The searing new documentary from Almudena Carracedo and Robert Bahar, THE SILENCE OF OTHERS asks the question, “What if in the ‘60s you were sadistically tortured for your political beliefs – and the man responsible (Antonio González Pacheco, aka “Billy the Kid”) is now your neighbor?” The bloody Spanish Civil War (1936-39) was followed by the Generalissimo Francisco Franco dictatorship that ended only with his death in 1975 – after which a law granted amnesty for crimes committed throughout this period.THE SILENCE OF OTHERS tackles the legal/political questions that this enforced obliviousness has created, and equally compelling, the existential conundrum of living in a nation in which no one has been charged with the murder of hundreds of thousands, buried in more than 2000 mass graves. A new movement in Spain confronts these hard truths. With the rise of authoritarian regimes around the world – and with human rights abuses being committed on our own border – this film could not be more timely. THE SILENCE OF OTHERS won Best Documentary at the Goya Awards (Spain’s Oscar equivalent), as well as more than 30 honors from international festivals (Berlinale, IDFA, Sheffield, etc.) and was among the films shortlisted for the 2019 Best Documentary Oscar. The film has become a phenomenon in Spain, where more than a million people have seen it. Co-directors Almudena Carracedo and Robert Bahar join us for a conversation on the decades long search for justice by the families and the victims and why it matters.
Written and directed by Storm Saulter (“Better Mus’ Come”), SPRINTER follows Akeem Sharp (newcomer Dale Elliott), nicknamed the Rasta Rocket for his once-in-a-generation speed, who is set to be Jamaica’s next big track-and-field sensation. Akeem hopes his rise in athletics will take him to the U.S. to reunite him with his mother, who has supported the family while living as an illegal resident for over a decade. But Akeem’s rising star is weighed down by turmoil at home: a volatile father, and an unruly older brother who insinuates himself into Akeem’s career as a means of escaping – or perhaps enhancing – his scam artist hustle. The film also stars Kadeem Wilson (Ghett’ A Life), Dennis Titus (The Mighty Quinn), Shantol Jackson (Yardie), Bryshere Y. Gray (Empire), with Lorraine Toussaint (Selma, Orange is The New Black), and David Alan Grier (In Living Color) with songs by Grammy Award winning artist NE-YO and Jamaican dancehall performer Shenseea. Director and co-writer Storm Saulter (Robert A Maylor) joins us to talk about creating a beautiful film rooted in a heartfelt drama about a Jamaican family struggling with separation and the jolt of sudden success.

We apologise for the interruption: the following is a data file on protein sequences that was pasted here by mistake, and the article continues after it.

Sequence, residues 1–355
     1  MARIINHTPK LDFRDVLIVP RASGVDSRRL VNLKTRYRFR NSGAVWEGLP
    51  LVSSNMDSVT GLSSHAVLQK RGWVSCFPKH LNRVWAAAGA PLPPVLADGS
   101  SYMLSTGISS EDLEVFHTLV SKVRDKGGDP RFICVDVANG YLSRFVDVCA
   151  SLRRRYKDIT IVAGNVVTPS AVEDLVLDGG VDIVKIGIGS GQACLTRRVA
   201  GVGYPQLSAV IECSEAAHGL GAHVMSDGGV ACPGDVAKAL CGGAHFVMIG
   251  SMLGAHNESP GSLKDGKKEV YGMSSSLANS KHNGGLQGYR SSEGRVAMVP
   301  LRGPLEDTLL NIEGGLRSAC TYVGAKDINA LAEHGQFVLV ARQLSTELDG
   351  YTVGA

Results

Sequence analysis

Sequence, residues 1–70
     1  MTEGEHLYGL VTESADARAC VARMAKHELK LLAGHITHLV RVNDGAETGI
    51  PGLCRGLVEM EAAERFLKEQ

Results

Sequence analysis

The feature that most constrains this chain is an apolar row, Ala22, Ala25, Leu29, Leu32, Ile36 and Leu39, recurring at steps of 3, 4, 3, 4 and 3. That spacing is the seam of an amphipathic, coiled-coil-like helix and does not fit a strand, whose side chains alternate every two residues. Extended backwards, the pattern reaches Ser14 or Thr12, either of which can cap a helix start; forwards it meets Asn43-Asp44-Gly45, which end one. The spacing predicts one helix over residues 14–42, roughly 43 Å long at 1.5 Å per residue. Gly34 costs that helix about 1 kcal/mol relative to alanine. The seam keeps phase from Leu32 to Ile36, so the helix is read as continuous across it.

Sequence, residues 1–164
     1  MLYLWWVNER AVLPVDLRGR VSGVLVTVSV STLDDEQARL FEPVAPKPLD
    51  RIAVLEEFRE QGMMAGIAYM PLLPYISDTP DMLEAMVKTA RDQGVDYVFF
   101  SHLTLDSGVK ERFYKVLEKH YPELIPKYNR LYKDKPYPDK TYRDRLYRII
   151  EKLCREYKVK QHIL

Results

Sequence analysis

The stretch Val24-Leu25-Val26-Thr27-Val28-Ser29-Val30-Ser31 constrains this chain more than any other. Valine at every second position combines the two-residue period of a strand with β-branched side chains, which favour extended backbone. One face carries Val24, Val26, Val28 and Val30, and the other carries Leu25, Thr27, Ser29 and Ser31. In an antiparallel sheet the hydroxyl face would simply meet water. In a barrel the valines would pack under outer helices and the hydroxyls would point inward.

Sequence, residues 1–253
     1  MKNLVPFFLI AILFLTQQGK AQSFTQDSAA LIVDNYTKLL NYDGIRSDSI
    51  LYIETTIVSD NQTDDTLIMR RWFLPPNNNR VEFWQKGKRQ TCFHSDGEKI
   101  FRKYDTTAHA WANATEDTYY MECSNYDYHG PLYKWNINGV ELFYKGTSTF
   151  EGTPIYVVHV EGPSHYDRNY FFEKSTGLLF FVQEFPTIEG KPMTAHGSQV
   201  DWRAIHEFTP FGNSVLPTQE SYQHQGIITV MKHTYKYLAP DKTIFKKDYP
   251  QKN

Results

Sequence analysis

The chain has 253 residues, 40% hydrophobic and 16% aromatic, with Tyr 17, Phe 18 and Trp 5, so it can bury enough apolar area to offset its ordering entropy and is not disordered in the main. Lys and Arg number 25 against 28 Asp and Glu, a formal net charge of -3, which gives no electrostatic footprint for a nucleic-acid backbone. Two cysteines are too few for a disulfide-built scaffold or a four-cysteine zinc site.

“A beautiful and triumphant film. What the film also importantly illustrates is the struggle so many immigrants’ families feel when mothers or fathers are forced to separate from their children in order to find a better life in another country so they can send money back home.” – The Knockturnal